November 29, 2009

video review: racism series 1

challenge to democracy-Japanese internment

This is definitely a propaganda film. It is trying to portray the Japanese internment camps in a good light. Much use of Orwellian double speak is used : evacuees vs. detainees, relocation centres vs. internment camps.

Has a "look how well the government takes care of Japanese people! They are doing okay!" feel to the movie. Baseball, football, religious services, are shown. A very paternal attitude. This is ironic as a few years and a horrible war later, the government would "champion" freedom and human rights during the Cold War.

Here in Canada, the government at the time did the same thing, interned Japanese Canadians. Communists were also rounded up and put in camps during the first part of the war. Canada had done this before of course. In WWI Germans and Ukrainians (parts of Ukraine were in the Austro-Hungarian Empire at that time) and others were put into camps. And this was a time when Aboriginals living on reservations were not allowed off the reserve without a government pass.

There are a few reviews at the Internet Archives where this film is hosted:

"this is the most hypocritical (but at least they tried haha) explanation i have ever heard for a moronic governmental action!

no, of course they weren't nazi extermination camps; no one has said that. but they were a disgrace to human dignity and you MUST read between the lines. for example, read about the japanese unit during WWII. or that it might be BETTER to volunteer for the army than stay in a camp?

how about all these japanese who came from lovely parts of california (i know, because i live there), being fruit farmers or owning their own businesses or being doctors? and then they end up in the mid-west which is freezing doing menial jobs and are never asked their opinions.

yeah, i am sure all the nisei and isei have really forvigen the united states government. i haven't!"

here is another:

This stark film explains and attempts to justify the internment of Japanese-Americans during World War II. It's a tall order, and the filmmakers seemed to have known it, for despite their newspeak terminology of "relocation" and "evacuation", they end up not really trying very hard to make this seem any better than what it really was:the forced imprisonment of a group of American citizens based on race.

Most of the reassurances the film tries to give that this is not what it appears to be are contradicted at later points in the film. It's not imprisonment or even internment, the film says, but then it shows us the barbed wire fences and guards around the perimeter. The fact that these people are being "relocated" should not imply that they are disloyal, but then they turn around and say that their presence on the west coast was a "military hazard."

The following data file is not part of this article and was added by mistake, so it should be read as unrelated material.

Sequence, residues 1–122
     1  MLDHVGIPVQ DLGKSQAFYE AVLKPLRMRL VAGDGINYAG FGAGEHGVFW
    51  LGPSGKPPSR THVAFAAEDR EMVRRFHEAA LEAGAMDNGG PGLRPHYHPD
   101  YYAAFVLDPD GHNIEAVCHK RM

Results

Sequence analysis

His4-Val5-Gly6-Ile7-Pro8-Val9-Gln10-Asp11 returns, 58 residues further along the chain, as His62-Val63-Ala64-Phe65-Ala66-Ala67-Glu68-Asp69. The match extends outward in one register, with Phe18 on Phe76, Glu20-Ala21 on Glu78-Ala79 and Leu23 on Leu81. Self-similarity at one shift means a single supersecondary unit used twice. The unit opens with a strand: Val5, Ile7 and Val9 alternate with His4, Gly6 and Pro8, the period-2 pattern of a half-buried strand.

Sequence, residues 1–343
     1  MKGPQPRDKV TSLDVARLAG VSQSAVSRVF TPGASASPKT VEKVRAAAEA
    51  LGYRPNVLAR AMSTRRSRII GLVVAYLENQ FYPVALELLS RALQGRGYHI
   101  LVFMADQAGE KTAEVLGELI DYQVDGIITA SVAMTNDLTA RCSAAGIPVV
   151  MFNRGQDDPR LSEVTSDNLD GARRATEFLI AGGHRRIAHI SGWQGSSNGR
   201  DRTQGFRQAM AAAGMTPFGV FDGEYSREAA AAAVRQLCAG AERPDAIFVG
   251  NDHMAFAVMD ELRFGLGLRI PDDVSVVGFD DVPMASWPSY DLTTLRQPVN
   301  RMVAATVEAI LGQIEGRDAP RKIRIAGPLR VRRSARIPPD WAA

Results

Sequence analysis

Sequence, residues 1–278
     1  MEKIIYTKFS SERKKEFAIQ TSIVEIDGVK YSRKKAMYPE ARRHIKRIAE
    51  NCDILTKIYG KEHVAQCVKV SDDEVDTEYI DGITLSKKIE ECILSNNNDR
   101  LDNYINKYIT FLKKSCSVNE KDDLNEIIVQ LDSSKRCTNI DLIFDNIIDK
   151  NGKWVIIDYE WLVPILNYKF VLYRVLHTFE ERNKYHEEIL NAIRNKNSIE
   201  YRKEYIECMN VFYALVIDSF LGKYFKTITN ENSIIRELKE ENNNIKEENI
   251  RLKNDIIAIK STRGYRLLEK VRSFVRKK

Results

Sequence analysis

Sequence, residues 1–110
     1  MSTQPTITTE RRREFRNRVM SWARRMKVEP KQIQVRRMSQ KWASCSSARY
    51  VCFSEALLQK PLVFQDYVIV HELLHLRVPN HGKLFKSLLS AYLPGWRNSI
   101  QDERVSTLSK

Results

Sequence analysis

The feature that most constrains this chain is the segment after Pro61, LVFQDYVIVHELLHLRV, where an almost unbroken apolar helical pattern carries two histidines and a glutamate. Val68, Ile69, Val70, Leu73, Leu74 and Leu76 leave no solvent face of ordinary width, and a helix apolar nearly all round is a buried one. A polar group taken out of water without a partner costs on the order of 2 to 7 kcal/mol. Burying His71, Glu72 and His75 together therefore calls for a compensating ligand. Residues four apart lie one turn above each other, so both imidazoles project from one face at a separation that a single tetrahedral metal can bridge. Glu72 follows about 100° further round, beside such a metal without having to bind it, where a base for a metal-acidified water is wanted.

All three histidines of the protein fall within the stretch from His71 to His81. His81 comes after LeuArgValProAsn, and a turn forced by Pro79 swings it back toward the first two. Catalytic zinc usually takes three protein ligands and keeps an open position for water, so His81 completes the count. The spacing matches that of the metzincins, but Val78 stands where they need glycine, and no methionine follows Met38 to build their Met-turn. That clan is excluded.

These people, despite their Japanese ancestry, are loyal Americans just like the rest of us, the film keeps saying, then it tells us that the Japanese-American medical personnel in the camps are supervised by Caucasians, and even the doctors earn the princely sum of $19 a month.

Finally, the film breaks down and admits that it's hard to teach the "values of Americanism" in a concentration-camp setting. Still, that doesnÂt stop them from ending the film by saying that we are fighting the war to preserve the American values of freedom and equal opportunity regardless of race, creed, or color, an ending for this movie that makes you want to throw up.

Of course, there are many positive scenes of camp life, but you get the impression that these good things were entirely due to the efforts of the internees themselves, with no real help from the government that imprisoned them. The film as a whole, as appalling as it is, is a fascinating historical record of one of the darker moments in the history of our government. It's definitely required viewing for those who may romanticize our participation in World War II.

Given the present "War on Terror" this film is important to consider as there are parallels, then and now.

don't be a sucker-(1947)

"Admonishes Americans that they will lose their country if they let fanaticism and hatred turn them into '"suckers." "Let's forget about 'we' and 'they' -- let's think about us!" In the context of the emerging Cold War, this film appears paradoxical."

Another review/comment as quoted: "The tone of this film puzzled me until the end. It preached tolerance, stressed that America was a nation of minorities, disavowed any differences in ability based on race, and in short would be considered liberal today and quite radical in 1947.

I was very suprised to see the final screen, where the movie said it was produced by the War Office and not to be shown to the general public. Based on this, I take this film not to be a relic of New Deal liberalism, but to be part of Harry Truman's efforts to desegregate the armed forces, which was as ahead of its time as this film. This makes sense, because a film like this would not have been tolerated in the segregated south..."

This movie is indeed a paradox, as the McCarthy anti-communist witch hunts and resulting blacklists were just about to begin.

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